Schools and colleges are dusting off desks and polishing hallways, getting ready for the excited throngs of students who will be starting the new school year. Yes, summer is waning, and kids of all ages are gearing up for new educational challenges.
It’s always cool to make a new start with fresh supplies, and once you’ve raided the stationery store for pens, pencils, binders and the ubiquitous marble notebooks, it’s probably time to think about grabbing a new backpack to hold all that loot.
We love it when we can find products that give back to others while kitting us out with well-made, practical gear. Happily, we’ve found five companies that donate to the community for every backpack purchased. We’re confident you’ll find a winner from this list.
Cotopaxi has backpacks for school and work, as well as hiking and other less bookish pursuits. We love the compact Boma daypack (above), with its sturdy canvas fabric and inside mesh bag to stow all those pens, earbuds, Altoids and other items that are prone to scattering about. A small laptop or tablet will fit in there, too.
Giving is a main priority for Cotopaxi. The company has made a commitment to fight poverty around the world by creating positive social impact. Health, education and initiatives to improve people’s livelihoods are front and center, and Cotopaxi gives targeted grants to projects working on these issues.
State’s Kane Coney Island bag celebrates the quirky streets of Brooklyn but looks cool enough for non-New Yorkers, too. It has handy organizers to keep supplies in place, a key clip, an iPad pocket, a zippered front pocket and water bottle pockets on the side.
For each Kane bag the company sells, State hand-delivers one of its backpacks stuffed with all the necessary school supplies to an American child in need.
3. Stone and Cloth
The Roll-Top Backpack midsize bag is large enough to fit a 15-inch laptop, which you can even charge safely in your bag thanks to a special vent. And to further pamper your computer, introduce it to the padded laptop sleeve.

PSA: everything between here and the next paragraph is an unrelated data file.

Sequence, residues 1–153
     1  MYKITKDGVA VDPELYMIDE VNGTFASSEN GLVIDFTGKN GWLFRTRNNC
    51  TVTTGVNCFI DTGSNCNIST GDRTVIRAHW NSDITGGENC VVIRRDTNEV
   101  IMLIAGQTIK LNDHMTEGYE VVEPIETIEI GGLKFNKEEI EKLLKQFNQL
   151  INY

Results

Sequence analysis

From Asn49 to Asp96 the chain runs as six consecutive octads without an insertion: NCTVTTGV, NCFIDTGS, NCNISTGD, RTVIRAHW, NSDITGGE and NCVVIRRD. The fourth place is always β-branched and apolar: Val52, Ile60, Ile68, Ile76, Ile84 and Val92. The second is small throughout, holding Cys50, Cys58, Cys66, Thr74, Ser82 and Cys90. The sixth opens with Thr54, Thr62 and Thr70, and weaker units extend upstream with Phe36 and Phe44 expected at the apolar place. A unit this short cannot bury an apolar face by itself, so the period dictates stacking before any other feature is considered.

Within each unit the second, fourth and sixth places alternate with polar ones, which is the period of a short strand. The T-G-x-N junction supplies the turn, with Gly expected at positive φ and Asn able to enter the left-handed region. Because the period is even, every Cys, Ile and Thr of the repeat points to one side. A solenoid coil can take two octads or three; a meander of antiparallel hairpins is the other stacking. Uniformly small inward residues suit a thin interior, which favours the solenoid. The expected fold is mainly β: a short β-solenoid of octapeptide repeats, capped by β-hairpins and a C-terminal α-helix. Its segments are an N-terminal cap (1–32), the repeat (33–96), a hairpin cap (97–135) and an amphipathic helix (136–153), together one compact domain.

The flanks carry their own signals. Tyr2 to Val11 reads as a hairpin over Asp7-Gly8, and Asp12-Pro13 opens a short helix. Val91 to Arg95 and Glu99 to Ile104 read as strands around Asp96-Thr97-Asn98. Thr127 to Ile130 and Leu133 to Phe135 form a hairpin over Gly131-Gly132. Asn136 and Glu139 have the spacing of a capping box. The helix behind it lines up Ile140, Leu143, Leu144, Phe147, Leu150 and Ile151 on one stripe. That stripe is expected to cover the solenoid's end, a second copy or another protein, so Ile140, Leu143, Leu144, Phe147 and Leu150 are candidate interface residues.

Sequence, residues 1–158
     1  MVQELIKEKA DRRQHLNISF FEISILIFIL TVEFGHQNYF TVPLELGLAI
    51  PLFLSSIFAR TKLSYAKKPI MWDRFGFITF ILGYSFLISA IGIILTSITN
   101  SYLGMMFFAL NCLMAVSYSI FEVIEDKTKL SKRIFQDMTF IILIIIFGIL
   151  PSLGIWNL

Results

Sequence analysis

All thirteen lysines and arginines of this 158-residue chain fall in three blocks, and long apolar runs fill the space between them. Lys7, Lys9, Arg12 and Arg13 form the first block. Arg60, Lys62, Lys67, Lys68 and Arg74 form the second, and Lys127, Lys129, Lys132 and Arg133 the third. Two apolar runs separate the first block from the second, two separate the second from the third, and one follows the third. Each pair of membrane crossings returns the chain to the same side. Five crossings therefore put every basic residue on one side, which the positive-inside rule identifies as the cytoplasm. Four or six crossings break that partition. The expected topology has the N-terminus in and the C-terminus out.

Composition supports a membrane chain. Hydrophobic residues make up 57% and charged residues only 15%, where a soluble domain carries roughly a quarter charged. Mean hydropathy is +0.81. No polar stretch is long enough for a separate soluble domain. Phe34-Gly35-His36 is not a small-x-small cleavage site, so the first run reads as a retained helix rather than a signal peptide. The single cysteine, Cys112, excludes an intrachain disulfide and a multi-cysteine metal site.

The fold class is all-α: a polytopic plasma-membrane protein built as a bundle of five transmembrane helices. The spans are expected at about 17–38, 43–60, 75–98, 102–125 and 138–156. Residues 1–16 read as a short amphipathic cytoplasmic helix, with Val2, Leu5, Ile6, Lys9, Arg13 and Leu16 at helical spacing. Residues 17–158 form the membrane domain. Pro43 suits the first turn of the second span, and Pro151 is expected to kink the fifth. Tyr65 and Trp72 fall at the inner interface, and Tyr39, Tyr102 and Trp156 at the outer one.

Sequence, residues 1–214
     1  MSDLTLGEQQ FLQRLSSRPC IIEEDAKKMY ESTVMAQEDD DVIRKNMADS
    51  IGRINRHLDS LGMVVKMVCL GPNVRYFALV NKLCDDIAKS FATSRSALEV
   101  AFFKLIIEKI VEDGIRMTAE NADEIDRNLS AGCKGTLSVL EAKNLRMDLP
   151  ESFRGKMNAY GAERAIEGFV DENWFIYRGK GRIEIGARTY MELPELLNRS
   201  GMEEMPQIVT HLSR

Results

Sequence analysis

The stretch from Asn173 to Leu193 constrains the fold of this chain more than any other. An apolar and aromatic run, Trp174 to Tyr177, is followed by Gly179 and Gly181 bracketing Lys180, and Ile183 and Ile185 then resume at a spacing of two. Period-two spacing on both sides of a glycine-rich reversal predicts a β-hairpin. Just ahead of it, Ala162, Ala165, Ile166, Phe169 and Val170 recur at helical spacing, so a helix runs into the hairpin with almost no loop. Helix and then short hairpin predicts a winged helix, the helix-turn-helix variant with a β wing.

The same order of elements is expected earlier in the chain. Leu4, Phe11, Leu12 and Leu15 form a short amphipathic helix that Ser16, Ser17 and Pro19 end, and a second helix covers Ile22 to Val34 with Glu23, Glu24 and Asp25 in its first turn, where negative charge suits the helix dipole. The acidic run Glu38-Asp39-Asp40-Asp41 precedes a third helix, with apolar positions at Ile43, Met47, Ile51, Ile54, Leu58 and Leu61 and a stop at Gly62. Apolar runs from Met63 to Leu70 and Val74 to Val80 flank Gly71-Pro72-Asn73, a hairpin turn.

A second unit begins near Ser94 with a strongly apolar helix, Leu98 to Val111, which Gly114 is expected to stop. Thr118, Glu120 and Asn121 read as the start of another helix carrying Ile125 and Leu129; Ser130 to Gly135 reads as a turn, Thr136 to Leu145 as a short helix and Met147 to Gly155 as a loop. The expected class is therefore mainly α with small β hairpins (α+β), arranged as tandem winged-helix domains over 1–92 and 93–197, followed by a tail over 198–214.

This Stone and Cloth backpack is made from wax-coated canvas, and the roll top lets you pack it as high or as low as you want. Need an extra sweater? No worries! This bag can accommodate it.
For each Stone and Cloth bag you buy, the company provides 25 hours of education to children in Tanzania through scholarships.
The Vietnam 2 Raja Pack will protect your laptop with its 840-denier ballistic nylon. Each backpack is one-of-a-kind, with colorful patchwork made from embroidered Hmong textiles. Even better: the embroidered panel is created from recycled scraps of tribal clothing. Once the clothing is made, the extra pieces of scrap fabric are collected and sewn into the material for this collection.
Ethnotek uses ethically sourced handmade textiles for its bags, and the company says purchases help fund employment for hand-printers, weavers and embroiderers in their partnering artisan villages in Ghana, Guatemala, India, Indonesia and Vietnam.
The Viva is a handmade unprocessed-leather backpack stitched and finely detailed in Guatemala. The company says its Hand-Crafted Collection showcases the local artisanal leather hand-stitching method and preserves indigenous culture.
Ten percent of online sales go to Hiptipico’s ‘Backpacks that Give Back’ scholarship program, which helps the children of its artisan partners attend an international preparatory school in Guatemala.